Along with transparency, the essence of this speaker is speed and agility. The upshot is that the listener is presented with an impressive dynamic range, fooling him or her into thinking they're hearing something altogether bigger. Indeed, the Hylixa performs far better than its diminutive dimensions suggest. Also, thanks in large part to its cabinet construction, and use of a BMR I suspect, this speaker is a poster child for so-called 'out of the box' imaging. Close your eyes, and stereo image location is so precise that you can point to each member of a rock band in the record acoustic, or hear an orchestra just as it should be in the concert hall. Indeed, you also find yourself hearing things on a far larger scale than you'd believe possible considering its physical dimensions.
Tower of Power's Oakland Stroke showed me this speaker's pin-sharp timing and rhythmic agility; I found myself nodding my head in time in a satisfying way. It was such fun that I stayed around for the other tracks on the album, and Can't You See (You Doin' Me Wrong) highlighted the Hylixa's bottom end tautness. The bassline was enjoyably weighty and engaging, turning Francis Rocco Prestia's remarkably cool and melodic bass lines into even more of a treat.
Midband is seriously impressive too, being smooth and even yet dedicated and textured. Vocals proved lifelike, immediate and tingle-producing as the initially unlikely duet of Nick Cave and Kylie Minogue filled the room with Where The Wild Roses Grow. Cave's breathy vocals were full and rich, but it was Kylie's range that really played to the midband driver's strengths as her intimate voice sent a shiver up my spine. The accompanying musicians weren't short-changed, either. The acoustic guitar shimmered, and the violins came through with the vibrant realism befitting a high-end speaker such as this. All the while, a solid bass performance underpinned the track – one that is often ignored or overblown by lesser performers at this price.
The Hylixa loves to organise and reveal. Feed it with complex musical arrangements, and everything is laid before you in a tangible and – more importantly – enjoyable way. The classic Rush instrumental YYZ came across with a vast soundstage that gave the three musicians as much space as they needed to chop through the variety of meters, dynamics and themes that are compressed into this classic four-and-a-half-minute rock track.
This speaker proved almost bewilderingly impressive at conveying a recording's sense of scale. Roger Waters: The Wall on Blu-ray sounded monumental via my Oppo UDP-205. I find it hard to think of a similarly-sized transducer capable of producing this level of atmosphere, emotional energy and feeling of 'being there'. Percussion and bass guitar thumped through, giving the helical transmission line plenty to do, while cymbals, snare drum and guitar were catered for perfectly further up – and hung in space in an ethereal way. Vocals were never out of the limelight either; harmonies were all-encompassing, but with such detail that you could pick out any individual's voice should you so wish.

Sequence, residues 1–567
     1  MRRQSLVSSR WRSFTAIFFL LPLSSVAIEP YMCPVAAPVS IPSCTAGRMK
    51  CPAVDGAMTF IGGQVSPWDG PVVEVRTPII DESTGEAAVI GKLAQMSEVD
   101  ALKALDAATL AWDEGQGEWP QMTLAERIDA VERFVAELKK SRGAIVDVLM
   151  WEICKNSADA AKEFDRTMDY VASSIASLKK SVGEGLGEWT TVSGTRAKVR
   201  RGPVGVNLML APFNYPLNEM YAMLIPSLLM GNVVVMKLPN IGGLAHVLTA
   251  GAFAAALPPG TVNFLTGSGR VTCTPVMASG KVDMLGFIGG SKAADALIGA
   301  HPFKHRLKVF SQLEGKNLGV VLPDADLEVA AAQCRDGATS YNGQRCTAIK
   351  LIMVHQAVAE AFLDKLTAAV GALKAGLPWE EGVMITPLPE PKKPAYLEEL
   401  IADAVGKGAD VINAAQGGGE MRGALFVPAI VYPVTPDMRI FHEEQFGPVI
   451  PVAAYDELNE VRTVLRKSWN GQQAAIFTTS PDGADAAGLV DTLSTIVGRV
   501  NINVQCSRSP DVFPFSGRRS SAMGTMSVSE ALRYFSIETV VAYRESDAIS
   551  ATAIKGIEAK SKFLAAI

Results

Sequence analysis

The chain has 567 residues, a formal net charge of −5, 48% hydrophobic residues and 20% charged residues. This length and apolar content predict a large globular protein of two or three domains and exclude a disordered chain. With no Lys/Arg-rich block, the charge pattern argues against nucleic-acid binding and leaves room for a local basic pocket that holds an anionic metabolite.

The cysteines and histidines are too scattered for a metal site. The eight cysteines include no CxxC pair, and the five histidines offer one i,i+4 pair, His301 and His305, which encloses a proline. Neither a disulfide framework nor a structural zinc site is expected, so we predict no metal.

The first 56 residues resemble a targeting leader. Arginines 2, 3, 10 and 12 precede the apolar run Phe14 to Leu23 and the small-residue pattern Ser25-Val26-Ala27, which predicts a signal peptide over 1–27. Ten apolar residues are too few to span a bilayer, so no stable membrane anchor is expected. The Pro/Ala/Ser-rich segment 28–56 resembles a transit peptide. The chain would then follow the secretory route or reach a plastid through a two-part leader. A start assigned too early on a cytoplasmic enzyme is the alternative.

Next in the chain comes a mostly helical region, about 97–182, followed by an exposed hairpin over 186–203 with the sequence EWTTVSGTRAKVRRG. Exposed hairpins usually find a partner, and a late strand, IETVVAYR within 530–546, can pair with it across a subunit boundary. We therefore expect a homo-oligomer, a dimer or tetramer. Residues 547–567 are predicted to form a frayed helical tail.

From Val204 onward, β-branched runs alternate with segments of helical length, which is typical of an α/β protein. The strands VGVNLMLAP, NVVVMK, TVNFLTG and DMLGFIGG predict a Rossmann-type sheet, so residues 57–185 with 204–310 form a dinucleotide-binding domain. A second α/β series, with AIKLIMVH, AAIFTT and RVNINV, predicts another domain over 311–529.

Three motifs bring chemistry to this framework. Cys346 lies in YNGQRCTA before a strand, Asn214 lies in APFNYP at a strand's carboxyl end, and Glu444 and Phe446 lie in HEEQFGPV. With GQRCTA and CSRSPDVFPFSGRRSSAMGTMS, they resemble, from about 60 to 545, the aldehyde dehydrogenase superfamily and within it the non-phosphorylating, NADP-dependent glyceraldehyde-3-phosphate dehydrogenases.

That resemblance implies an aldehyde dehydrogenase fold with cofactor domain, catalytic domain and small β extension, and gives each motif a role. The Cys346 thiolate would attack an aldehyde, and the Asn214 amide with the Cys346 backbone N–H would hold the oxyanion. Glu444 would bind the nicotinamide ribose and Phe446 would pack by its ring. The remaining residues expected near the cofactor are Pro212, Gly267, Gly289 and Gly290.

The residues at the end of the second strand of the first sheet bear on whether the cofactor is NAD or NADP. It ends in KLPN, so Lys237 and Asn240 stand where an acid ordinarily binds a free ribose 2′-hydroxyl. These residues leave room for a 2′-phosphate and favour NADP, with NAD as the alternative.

Node Audio's Hylixa is proof that there's still room for imaginative, intelligent engineering in the world of loudspeaker design. The Cambridgeshire-based company has produced a cutting-edge product that presents an aural image that is far larger than the speaker's physical size, as well as being highly detailed and engaging. Furthermore, this is achieved in a beautifully finished and unusual looking package; rather than conspicuously cluttering up a listening room, it actually adds to the overall aesthetic.
It has remarkable abilities then, but so it should at this price – and the problem is that this sort of money means it's playing with the big boys at the top-tier of the loudspeaker world. That's why I would suggest you hear the Hylixa for yourself, to see whether its distinct and admirable talents suit your way of listening, music taste and, of course, home. To my ears, it was an unalloyed success and thus a worthy recipient of StereoNET's coveted Applause Award.
For more information, please visit Node Audio.
StereoNET UK’s Editor and Bass playing gadget junkie. He’s captained the good ship GadgetyNews for over a decade, making low jargon high tech a very handy thing. His passion for gadgets and Hi-Fi is second only to being a touring musician.
Get the latest.
Sign up to discover the best news and reviews from StereoNET UK in our FREE Newsletter.
JOIN IN THE DISCUSSION
Want to share your opinion or get advice from other enthusiasts? Then head into the Message Forums where thousands of other enthusiasts are communicating on a daily basis.
CLICK HERE FOR FREE MEMBERSHIP
JBL's 4309 Studio Monitor bookshelf speakers put the JBL 4349 in a smaller box, sort of
Jay Garrett curls up with the latest headset from this talented French firm…
Jay Garrett is roundly impressed by this special spherical speaker...
Audio Pro's C10 MkII brings AirPlay 2 and Google Cast to its famed wireless multiroom speaker
Logitech has announced it will no longer manufacture Harmony remotes
Cambridge Audio's Evo system is an attractive all-in-one streaming hi-fi hub
Linn's next-generation Klimax DSM networked streaming music hub available as Audio and AV variants
Jimmy Hughes samples three high-end power cables from this quirky Californian company…
Jay Garrett samples a dynamic new dongle with a very famous name…
David Price is impressed by this versatile new streaming DAC preamplifier…